Friday, 29 August 2008

Actually, Darling, you were warned

Alistair Darling's interview with The Guardian is fairly extraordinary for all sorts of reasons.

Firstly, by admitting that the economy is possibly in its worst state for 60 years, he is just illustrating the extent of Labour's failure in government. Worse even than the Tory recessions of the 1980s and 1990s? Worse even than the stagflation of the 1970s following the oil price shock? Blimey, fasten your seatbelts, it's going to be a very bumpy ride.

But of course, it isn't really happening, as the era of boom and bust is over. Who was it who said that? Oh yes, a chap called Brown. I wonder what happened to him?

Darling also claims that the government had no inkling that they were heading for a financial crisis. You could almost feel sorry for the chap, at the mercy of such forces beyond his control.

Except the thing is that they were warned, repeatedly, that the government was presiding over an unsustainable boom in cheap credit which was artificially inflating the economy. Take, for instance this from Lib Dem Treasury spokesman Vince Cable all the way back in 2004. But rather than take action, the government did nothing to curb the credit boom and the whole house came crashing down when the sands shifted.

Darling is also very frank about the government's failings. Take the conversation he had with Brown when the government lost the personal details of 26 million people. It's worth quoting in full: "I phoned Gordon up. I said, We appear to have lost two disks containing the personal details of just about every family in the country. We knew it was bad." What did Brown say? "He said it was bad."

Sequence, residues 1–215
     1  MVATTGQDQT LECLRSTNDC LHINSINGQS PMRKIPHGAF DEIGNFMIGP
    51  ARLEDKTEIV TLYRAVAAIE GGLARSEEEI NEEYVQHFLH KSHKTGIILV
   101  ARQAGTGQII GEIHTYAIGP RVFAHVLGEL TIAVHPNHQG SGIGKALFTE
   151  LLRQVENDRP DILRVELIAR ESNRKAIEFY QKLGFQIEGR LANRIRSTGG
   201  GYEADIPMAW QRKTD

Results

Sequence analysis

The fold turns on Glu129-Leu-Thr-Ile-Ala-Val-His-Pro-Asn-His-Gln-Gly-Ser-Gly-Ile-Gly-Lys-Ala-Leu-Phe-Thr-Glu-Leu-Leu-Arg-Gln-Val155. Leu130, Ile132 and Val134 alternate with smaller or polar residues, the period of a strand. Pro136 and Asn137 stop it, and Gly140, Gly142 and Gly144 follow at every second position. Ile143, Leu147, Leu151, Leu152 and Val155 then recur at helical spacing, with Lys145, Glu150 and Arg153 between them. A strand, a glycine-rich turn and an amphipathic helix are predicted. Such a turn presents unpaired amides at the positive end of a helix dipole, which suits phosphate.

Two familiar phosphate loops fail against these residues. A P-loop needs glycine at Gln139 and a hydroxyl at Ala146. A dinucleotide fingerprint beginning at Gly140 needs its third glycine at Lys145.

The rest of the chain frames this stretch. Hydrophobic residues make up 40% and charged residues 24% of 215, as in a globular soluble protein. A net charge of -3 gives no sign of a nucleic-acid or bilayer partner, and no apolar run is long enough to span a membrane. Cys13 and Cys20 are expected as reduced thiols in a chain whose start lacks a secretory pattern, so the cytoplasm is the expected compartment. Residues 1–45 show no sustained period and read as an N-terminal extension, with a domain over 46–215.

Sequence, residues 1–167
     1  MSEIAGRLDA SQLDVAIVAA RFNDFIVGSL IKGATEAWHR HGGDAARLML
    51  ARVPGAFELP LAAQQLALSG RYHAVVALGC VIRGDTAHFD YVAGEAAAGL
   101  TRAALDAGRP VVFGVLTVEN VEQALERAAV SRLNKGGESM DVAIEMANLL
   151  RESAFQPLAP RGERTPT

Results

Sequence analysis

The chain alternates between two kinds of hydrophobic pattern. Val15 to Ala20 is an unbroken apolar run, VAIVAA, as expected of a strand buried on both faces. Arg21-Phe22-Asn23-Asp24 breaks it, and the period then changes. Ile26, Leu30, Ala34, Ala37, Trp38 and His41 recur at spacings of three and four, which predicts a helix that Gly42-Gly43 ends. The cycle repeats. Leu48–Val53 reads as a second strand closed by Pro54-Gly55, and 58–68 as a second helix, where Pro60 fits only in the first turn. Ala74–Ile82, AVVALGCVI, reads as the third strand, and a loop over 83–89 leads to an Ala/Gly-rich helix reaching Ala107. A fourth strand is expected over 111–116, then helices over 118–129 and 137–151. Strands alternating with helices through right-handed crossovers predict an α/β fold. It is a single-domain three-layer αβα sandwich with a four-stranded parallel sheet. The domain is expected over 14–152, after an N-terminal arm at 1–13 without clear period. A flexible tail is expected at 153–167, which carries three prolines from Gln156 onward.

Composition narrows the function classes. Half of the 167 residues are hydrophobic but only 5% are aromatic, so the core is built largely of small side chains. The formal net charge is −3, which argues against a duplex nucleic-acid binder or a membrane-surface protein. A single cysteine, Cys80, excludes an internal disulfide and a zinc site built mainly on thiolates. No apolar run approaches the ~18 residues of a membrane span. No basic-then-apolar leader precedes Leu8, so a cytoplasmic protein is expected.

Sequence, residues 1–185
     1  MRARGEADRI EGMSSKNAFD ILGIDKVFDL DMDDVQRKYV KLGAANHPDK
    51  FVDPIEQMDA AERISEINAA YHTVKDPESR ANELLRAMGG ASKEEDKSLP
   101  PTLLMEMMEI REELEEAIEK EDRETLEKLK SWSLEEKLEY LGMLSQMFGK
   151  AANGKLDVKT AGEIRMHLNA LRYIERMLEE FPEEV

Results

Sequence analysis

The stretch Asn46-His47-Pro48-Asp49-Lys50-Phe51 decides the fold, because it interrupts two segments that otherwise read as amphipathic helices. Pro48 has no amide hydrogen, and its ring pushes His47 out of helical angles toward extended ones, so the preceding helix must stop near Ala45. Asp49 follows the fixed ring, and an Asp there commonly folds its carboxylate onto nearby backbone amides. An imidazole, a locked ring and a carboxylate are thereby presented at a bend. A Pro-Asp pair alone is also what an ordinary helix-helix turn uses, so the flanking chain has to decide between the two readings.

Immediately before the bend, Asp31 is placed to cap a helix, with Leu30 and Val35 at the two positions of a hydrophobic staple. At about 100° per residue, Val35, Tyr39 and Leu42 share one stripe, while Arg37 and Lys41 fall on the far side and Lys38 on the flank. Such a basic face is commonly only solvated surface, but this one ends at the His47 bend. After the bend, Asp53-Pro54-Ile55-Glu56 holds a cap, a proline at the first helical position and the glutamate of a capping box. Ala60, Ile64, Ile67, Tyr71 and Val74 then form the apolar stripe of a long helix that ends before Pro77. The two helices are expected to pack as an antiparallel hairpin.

Really? You don't say! You've just lost personal data on 26 million people and it's a bad thing? Strewth, with such insight, I'm amazed that Darling hasn't been offered a Harvard professorship in public administration.

Darling also admits that others in the Cabinet are after his job. He says: "There's lots of people who'd like to do my job. And no doubt," he adds, half under his breath, "actively trying to do it." Sounds rather like ferrets fighting in a sack to me. Given the rumours about a possible reshuffle and demotion/sacking for Darling, it strikes me that he's done this interview to try and shore up his position.

If that was his intention, then maybe he should have been a bit more effusive about the qualities of his boss. This is what he has to say about Brown's abilities to communicate: "But we've got a hell of a lot to do. We patently have not been able to get across what we are for, and what we are about." Can Brown communicate it? "Yes, I do think he can. I do think he will." Then why hasn't he? "Er, well," Darling falters. "Well, it's always difficult, you know."

Yes, it is difficult, but that's what Brown's paid so well to do. If he hasn't been able to get across thus far what Labour is for, what on earth makes Darling think he'll be able to do so in future?

But if the economy really is in its worst shape for 60 years, I don't think that anything Brown could do or say would make the slightest bit of difference. Labour won three terms in office by building a reputation for economic competence. That's now been shattered and Labour are doomed as a result - with or without Brown in charge.

1 comment:

Stephen B said...

Actually this has interesting parallels with the ERM fisco. From 1987 onwards, Lawson's policy of shadowing the DMark could only be achieved by buying DMarks and thereby releasing increased amounts of sterling into the system...which was then subsequently lent by banks as credit. Lawson, in effect, created an inflationary credit boom for which there was time of reckoning from 1990 onwards.

Brown has achieved pretty much the same but via a different route. Basically, he has been spending on the nation's credit card, putting too much sterling into the system and thereby increasing credit opportunities. The other significant difference this time round is Chinese goods effectively meant that the cost of many goods fell in the Brown Boom years and so that credit went into an area that people rationally thought was a good investment - property.

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